by Katie Caldesi
A low-carb lifestyle is chosen by people who have become aware of how carbohydrates affect their bodies. They recognise what foods are high in carbs ie sugars and starchy foods and decide to restrict them in their diet.
“One of my biggest regrets is my lack of knowledge. I just didn’t understand that certain foods were poisoning me.”
There are various levels of a low-carb diet: ketogenic, strict, moderate or liberal. As everyone is individual, only you can choose how low you go. There are varying carb limit “rules” out there but most people generally recognise a low-carb diet to be under 130g carbs a day. Currently many people eat twice that on the modern western diet.
All food is made up from macronutrients, often called macros. These are the main 3 food groups carbohydrates, protein and fat. Carbohydrates are either sugary or starchy foods. Carb heavy foods such as potatoes, sweets, bread, beer, fizzy drinks, grains or any sugary foods can quickly raise your blood glucose level. To bring this back down again your body triggers the production of insulin; its job is to keep blood sugar low by pushing glucose out of the bloodstream and into cells.
When our glucose stores are filled the excess is converted to fat and deposited. If we eat a fast food meal without pauses and breaks our blood sugar rises very rapidly to a high peak and falls very rapidly. The rise and fall of insulin lags behind this and in fact means our peak of insulin occurs when the blood sugar is low or on the way down. So we become relatively hypoglycaemic (low in sugar) and crave it. We dive out of MacDonalds and head straight to Dunkin Donuts.
Lost behaviours such as slow eating and the family meal flatten the glucose and insulin response curves leading to a sense of satiety and a smaller appetite.
Insulin is a fat storage hormone so in simple terms it pushes the glucose into our cells for energy use another day. This can result in weight gain, type 2 diabetes and these other conditions – to find out more about this click here.
“I believe we have eaten our way into this epidemic of diabetes and obesity and that we can eat our way out of it” Dr David Unwin FRCGP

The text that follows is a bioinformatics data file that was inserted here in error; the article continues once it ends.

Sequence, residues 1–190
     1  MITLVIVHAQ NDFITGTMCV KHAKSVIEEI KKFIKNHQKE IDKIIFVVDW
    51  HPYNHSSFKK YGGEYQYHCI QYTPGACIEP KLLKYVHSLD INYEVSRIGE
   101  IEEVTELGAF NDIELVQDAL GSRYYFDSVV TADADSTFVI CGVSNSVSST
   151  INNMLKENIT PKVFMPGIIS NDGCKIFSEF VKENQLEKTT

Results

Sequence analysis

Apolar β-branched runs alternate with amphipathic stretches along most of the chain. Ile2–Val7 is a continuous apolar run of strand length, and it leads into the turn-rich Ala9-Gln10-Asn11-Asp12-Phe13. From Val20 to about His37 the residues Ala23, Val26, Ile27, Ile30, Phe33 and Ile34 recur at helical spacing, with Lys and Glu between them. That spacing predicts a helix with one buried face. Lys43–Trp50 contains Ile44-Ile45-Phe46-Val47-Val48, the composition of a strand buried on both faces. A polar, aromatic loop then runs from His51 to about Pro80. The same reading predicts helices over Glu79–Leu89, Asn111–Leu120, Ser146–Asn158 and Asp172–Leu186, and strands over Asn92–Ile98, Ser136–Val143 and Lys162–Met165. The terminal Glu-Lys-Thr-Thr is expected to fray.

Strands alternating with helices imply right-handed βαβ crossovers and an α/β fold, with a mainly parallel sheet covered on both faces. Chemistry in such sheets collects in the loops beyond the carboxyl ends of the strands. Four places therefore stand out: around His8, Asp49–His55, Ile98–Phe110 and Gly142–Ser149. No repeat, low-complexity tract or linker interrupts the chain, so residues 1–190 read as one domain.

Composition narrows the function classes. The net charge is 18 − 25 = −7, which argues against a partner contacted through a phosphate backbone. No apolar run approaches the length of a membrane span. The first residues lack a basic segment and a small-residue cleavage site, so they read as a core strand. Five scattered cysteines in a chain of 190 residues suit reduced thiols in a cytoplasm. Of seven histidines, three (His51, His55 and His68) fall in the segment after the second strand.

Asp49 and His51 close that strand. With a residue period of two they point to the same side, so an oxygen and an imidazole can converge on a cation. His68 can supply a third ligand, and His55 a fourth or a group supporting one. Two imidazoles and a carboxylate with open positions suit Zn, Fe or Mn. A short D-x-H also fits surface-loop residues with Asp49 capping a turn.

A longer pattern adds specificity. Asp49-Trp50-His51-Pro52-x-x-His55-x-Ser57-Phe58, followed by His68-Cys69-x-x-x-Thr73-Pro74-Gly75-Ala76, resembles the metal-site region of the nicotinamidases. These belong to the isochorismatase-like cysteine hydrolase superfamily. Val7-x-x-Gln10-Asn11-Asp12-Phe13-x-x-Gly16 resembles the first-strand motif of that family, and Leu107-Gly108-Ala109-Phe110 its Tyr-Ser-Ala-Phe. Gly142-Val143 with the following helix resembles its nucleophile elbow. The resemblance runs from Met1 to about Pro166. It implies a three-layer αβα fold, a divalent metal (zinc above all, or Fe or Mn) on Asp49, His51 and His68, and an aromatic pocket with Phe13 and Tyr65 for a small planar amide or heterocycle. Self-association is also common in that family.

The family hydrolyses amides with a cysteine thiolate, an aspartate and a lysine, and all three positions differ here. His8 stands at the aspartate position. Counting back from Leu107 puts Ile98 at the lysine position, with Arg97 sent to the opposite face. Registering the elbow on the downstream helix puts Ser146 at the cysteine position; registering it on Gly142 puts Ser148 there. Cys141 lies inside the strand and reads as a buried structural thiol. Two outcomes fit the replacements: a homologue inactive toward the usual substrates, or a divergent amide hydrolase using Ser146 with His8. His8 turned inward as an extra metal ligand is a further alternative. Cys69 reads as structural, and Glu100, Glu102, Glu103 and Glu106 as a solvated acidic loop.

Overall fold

Becoming a Fat Burner
Instead of your energy coming mainly from carbs which turn into glucose; by switching to a diet low in carbohydrates, your energy will come mainly from fat stores or by eating healthy fats such as butter, ghee, olive oil, dairy foods, meat or oily fish. A low-carb lifestyle can also be called LCHF (low-carb high-fat). You will still be eating an adequate amount of protein and plenty of vegetables. We love to eat this way as protein and fat are not only delicious but filling too. We will show you in the recipes how easy it is to substitute carbs from pasta, bread, rice and more with plenty of non-starchy vegetables instead.
“Most diets work on restricting calories; its where the calories are from and how they affect your body that matters”
Low-fat diets have been popular for decades and while they appear to work for weight-loss, their presence in our world doesn’t seem to have prevented a rise in cases of obesity. If you like the idea of low-fat spread, one-calorie cooking sprays made of poor-quality oil, dry rice cakes and low-fat yoghurts full of sugar then this website isn’t for you. If you like the idea of eating natural whole foods then climb on board….
No More Feeling Starving Hungry
Low-carb diets can be effective for weight-loss as often your appetite is reduced. I used to wake up each morning hungry and couldn’t wait for my breakfast of oats, banana, low-fat yoghurt and honey. Now my blood glucose levels are controlled through avoiding sugar and eating less starchy carbs, I don’t eat until late morning and don’t have the old weak feeling of hunger at all.